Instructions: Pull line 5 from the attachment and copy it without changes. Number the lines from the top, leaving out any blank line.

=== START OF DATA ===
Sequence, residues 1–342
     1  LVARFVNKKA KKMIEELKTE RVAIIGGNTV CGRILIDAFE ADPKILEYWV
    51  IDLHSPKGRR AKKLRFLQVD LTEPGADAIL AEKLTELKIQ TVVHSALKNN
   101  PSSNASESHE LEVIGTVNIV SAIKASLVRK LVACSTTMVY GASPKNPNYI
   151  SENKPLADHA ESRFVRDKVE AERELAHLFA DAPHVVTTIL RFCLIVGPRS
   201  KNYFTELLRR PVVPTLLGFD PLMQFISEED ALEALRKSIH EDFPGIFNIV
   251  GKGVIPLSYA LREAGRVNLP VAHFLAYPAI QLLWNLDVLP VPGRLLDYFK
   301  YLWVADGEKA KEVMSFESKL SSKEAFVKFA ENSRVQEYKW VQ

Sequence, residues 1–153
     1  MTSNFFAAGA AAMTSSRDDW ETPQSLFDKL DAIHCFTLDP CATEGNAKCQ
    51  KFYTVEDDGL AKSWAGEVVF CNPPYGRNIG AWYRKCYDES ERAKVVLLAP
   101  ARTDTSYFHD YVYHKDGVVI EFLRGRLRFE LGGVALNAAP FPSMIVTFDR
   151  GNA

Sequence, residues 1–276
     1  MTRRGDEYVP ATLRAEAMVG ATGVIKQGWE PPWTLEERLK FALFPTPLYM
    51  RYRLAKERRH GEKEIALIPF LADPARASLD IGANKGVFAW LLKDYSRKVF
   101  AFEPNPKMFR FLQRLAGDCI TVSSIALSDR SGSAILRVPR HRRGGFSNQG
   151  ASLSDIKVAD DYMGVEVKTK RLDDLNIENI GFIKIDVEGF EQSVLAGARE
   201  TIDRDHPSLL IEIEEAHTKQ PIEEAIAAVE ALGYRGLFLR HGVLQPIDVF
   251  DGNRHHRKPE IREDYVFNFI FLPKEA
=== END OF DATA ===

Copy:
   151  SENKPLADHA ESRFVRDKVE AERELAHLFA DAPHVVTTIL RFCLIVGPRS